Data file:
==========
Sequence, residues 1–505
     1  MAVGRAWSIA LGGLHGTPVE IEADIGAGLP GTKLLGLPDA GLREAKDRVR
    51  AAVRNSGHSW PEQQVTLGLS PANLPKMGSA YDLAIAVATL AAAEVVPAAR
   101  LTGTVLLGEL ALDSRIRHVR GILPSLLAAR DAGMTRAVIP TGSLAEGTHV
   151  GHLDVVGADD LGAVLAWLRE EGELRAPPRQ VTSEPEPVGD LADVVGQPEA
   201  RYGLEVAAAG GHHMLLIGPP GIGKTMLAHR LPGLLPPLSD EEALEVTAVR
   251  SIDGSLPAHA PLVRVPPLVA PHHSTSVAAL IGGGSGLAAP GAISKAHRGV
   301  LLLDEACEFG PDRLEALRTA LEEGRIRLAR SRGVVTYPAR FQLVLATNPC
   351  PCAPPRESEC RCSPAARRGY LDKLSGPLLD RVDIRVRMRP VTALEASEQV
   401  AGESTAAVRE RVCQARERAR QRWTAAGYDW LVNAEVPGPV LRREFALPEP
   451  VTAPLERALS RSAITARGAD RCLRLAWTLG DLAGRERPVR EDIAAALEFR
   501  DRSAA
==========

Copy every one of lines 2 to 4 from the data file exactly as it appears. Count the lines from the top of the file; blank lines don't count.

     1  MAVGRAWSIA LGGLHGTPVE IEADIGAGLP GTKLLGLPDA GLREAKDRVR
    51  AAVRNSGHSW PEQQVTLGLS PANLPKMGSA YDLAIAVATL AAAEVVPAAR
   101  LTGTVLLGEL ALDSRIRHVR GILPSLLAAR DAGMTRAVIP TGSLAEGTHV